Westminster Abby

    

Westminster Abbey’s official name is The Collegiate Church of St Peter at Westminster and remains an impressive sight for locals as well as foreign visitors who come to sample some of the most popular attractions in England. This church, which exhibits a distinctly Gothic style in its architecture, is situated in Westminster, London, near to the Palace of Westminster. It is a Royal Peculiar, meaning that it is under the direct jurisdiction of the Crown, and not an intermediary bishop.

Westminster Abbey is traditionally reported to have been founded in the first quarter of the 600’s of our Common Era (CE or AD), during the time when Mellitus was the Bishop of London. Over 300 years later, Saint Dunstan and King Edgar created a monk community and based them at this abbey. King Edward the Confessor constructed a stone abbey as part of his palace, which was also built at this site. Then, it had to be rebuilt in 1245 by King Harold II as this was his chosen location for burial. For the next few centuries, building work continued, creating a rather beautiful holistic creation, despite its eclectic origins.

In 1539, King Henry VIII took direct control of Westminster Abbey and officially made it a cathedral. This status meant that it was spared when Henry VIII was destroying England’s other abbeys. Still, it lost its cathedral status in 1550.

Image of Westminster Abbey is the traditional coronation and burial site for English monarchs. The original site is thought to date back to 616 when a shrine was originally built on the site. In addition to English monarchs, aristocrats, poets, generals, scientists, etc. are also buried here.
Westminster Abbey is the traditional coronation
and burial site for English monarchs. The original
site is thought to date back to 616 when a shrine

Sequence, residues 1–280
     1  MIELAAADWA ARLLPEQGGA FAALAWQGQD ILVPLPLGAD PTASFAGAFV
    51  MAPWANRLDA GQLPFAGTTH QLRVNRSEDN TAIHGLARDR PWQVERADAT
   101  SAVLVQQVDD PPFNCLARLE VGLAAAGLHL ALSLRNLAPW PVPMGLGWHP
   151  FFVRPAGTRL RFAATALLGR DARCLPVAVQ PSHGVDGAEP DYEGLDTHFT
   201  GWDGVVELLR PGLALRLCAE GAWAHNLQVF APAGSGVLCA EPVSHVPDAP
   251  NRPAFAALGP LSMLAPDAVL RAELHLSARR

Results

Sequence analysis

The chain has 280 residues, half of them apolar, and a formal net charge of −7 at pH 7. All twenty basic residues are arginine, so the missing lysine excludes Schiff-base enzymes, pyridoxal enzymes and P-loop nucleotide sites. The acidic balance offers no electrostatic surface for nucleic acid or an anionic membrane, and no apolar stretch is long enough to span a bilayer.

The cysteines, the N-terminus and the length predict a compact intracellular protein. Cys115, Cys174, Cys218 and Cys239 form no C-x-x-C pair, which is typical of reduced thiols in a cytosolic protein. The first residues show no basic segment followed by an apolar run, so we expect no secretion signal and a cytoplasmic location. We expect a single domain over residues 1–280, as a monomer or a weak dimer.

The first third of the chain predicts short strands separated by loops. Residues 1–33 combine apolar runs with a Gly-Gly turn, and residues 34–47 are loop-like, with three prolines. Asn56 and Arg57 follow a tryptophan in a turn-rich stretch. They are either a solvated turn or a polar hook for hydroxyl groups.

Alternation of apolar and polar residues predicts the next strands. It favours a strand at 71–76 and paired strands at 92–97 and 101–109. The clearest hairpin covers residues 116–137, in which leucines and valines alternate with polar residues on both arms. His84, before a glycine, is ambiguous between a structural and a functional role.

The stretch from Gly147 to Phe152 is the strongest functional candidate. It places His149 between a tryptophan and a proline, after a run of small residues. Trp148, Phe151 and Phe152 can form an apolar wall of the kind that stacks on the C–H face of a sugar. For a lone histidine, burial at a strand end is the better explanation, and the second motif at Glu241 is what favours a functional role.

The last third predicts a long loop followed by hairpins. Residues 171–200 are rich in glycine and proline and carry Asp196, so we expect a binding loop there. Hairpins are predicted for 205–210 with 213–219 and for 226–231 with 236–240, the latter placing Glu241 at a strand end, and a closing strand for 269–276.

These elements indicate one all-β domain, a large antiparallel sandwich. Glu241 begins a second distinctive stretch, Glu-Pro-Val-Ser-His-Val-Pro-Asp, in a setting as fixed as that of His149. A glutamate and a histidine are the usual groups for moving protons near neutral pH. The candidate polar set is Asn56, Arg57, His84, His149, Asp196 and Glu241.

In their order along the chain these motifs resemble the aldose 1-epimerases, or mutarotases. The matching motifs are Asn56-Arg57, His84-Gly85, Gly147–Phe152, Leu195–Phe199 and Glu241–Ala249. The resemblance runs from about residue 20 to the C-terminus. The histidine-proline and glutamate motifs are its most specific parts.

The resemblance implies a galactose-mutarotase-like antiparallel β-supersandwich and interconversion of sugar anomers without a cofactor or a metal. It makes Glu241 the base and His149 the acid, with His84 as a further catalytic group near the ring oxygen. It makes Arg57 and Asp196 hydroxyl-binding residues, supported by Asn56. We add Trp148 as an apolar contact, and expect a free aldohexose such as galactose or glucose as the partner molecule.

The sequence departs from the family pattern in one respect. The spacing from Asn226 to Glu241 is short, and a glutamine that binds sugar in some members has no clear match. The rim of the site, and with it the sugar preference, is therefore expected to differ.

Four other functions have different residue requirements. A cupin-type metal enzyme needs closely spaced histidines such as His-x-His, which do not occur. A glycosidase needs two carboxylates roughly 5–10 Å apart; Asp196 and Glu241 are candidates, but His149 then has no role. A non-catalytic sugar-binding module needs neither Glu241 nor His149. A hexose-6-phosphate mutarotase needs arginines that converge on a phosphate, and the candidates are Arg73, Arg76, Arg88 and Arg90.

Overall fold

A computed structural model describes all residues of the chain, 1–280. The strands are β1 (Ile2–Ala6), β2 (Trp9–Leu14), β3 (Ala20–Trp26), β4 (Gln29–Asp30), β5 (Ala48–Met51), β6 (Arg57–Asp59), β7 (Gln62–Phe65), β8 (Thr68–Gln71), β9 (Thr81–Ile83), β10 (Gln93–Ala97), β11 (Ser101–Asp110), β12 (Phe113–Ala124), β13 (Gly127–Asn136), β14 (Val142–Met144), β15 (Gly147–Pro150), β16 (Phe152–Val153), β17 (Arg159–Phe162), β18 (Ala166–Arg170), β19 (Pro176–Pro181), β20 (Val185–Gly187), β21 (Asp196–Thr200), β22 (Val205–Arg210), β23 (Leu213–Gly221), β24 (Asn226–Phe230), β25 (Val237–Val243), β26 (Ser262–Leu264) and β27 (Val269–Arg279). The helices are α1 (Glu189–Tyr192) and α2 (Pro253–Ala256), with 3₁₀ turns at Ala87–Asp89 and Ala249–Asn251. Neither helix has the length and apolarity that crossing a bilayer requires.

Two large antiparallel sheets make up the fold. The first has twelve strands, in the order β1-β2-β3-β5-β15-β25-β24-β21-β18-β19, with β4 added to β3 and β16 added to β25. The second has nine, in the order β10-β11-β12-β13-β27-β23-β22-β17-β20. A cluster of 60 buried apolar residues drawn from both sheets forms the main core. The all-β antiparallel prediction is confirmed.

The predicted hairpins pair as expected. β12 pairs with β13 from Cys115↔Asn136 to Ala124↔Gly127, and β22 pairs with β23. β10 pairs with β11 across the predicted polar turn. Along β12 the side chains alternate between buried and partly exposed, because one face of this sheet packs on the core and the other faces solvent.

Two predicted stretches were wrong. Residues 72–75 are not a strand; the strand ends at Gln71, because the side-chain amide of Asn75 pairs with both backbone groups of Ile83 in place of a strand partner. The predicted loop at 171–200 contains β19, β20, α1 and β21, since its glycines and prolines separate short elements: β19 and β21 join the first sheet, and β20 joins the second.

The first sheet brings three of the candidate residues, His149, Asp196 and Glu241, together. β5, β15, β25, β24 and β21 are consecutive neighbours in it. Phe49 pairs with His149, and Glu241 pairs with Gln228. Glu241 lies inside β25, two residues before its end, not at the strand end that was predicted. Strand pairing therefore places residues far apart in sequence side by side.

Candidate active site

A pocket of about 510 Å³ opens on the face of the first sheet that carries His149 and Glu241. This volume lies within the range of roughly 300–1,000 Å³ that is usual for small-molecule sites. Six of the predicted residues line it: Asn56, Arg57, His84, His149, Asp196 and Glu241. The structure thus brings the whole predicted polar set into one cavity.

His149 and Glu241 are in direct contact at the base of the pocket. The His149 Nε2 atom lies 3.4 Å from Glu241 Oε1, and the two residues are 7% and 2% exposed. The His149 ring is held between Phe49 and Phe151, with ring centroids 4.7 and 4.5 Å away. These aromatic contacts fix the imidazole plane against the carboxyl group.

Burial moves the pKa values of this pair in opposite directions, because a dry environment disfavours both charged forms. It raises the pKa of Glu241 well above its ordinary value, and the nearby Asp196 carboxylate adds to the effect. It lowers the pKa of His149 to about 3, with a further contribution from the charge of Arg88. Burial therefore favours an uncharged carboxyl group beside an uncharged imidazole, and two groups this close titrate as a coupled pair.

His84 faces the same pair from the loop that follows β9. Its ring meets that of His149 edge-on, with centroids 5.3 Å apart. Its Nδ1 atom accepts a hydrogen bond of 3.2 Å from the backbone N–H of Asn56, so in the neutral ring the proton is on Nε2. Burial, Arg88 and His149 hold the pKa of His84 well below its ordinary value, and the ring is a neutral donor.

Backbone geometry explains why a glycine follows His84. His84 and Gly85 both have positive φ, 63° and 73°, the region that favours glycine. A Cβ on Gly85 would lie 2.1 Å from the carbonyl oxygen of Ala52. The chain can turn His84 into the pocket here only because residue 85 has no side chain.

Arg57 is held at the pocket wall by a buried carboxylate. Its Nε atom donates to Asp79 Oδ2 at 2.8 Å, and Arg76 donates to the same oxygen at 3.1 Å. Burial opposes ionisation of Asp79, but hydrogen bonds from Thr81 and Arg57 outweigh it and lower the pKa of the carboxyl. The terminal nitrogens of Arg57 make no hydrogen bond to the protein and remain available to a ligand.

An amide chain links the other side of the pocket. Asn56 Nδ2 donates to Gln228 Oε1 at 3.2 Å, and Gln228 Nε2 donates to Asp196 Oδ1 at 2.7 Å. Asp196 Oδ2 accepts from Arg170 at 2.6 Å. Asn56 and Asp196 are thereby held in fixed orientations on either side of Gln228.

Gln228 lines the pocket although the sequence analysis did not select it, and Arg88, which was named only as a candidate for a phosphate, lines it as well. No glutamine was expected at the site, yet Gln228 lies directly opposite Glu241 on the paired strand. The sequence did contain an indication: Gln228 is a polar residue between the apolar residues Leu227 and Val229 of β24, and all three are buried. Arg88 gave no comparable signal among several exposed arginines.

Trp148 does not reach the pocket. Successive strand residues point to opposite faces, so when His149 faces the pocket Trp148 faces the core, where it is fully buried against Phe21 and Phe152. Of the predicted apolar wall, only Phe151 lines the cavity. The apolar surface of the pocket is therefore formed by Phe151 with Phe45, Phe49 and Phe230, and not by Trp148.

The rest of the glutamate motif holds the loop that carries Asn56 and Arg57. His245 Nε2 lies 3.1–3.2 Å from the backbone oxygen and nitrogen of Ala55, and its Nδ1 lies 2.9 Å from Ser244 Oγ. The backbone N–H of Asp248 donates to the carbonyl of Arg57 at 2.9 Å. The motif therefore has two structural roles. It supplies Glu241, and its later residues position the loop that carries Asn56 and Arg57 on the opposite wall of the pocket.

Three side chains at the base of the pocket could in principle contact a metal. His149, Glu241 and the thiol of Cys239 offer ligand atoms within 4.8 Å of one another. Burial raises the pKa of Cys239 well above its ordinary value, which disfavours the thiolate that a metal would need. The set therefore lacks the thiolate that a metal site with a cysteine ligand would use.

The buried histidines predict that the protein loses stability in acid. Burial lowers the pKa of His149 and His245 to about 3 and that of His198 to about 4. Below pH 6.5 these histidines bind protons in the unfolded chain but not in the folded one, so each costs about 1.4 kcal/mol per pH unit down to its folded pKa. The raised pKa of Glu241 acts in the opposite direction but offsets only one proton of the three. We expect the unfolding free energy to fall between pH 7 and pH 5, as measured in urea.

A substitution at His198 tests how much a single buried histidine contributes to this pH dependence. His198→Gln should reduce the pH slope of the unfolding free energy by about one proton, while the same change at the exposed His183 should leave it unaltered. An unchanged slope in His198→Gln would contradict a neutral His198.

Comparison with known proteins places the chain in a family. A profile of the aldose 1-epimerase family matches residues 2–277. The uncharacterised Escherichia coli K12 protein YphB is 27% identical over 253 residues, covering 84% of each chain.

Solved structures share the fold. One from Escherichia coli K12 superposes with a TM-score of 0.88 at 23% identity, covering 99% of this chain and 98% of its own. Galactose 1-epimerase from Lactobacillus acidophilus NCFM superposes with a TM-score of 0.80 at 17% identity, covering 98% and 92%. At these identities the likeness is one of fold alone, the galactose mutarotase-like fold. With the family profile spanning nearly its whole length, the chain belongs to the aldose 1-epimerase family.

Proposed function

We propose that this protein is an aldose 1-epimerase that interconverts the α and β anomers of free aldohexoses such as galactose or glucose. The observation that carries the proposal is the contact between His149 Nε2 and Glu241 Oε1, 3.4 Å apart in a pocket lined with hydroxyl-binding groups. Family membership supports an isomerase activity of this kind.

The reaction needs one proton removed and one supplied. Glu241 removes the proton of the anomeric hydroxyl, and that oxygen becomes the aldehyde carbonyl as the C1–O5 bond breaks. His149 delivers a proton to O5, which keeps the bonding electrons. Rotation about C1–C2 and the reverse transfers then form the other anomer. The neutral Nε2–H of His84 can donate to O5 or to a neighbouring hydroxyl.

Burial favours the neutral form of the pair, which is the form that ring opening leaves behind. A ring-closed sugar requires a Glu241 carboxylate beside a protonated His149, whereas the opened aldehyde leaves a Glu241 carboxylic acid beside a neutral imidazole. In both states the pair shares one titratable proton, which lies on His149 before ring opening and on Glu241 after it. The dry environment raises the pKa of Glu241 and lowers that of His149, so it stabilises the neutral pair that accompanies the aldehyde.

was originally built on the site. In addition to English
monarchs, aristocrats,poets, generals, scientists, etc.
are also buried here.

Significantly, Westminster Abbey is the location at which the Old Testament and second half of the New Testament of the King James Bible were translated. During the 1900’s, the New English Bible was compiled here too.

Today, Westminster Abbey is still used for the coronation and burial of all the monarchs of the Commonwealth Realms, which include New Zealand, Jamaica, Canada, Papua New Guinea, and Australia, amongst others. It is also a very popular attraction for tourists, welcoming over a million guests every year.

Obviously, worship is a major part of the runnings and appeal of Westminster Abbey. Every day is characterised by Morning Prayer, Evensong and Holy Communion (or Eucharist). Daily services are held and visitors are invited to join these services for an authentic experience. To assist foreign-language guests, audio guides are available (in eight different languages). Tours are conducted through the ancient building by vergers. Exploring the stained glass, paintings, textiles and artefacts is fascinating for young and old alike, regardless of their personal religious affiliations.


The tombs are fascinating, having been the burial grounds of some of history’s most notable figures. These include Geoffrey Chaucer, William Blake, Lord Byron, Charles Dickens, TS Eliot, John Keats, Rudyard Kipling, Jane Austen, Dylan Thomas, William Wordsworth, Henry Purcell, Isaac Newton and Charles Darwin.

The Westminster Abbey Museum is another favourite attraction and is situated in the vault below the former monks' dormitory. This particular part of the abbey dates back to about 1065, making it one of the oldest areas. Being immersed in such ancient history that has such a deep religious and cultural import gives visitors a true sense of the English heritage.

For more information, please view: http://www.westminster-abbey.org/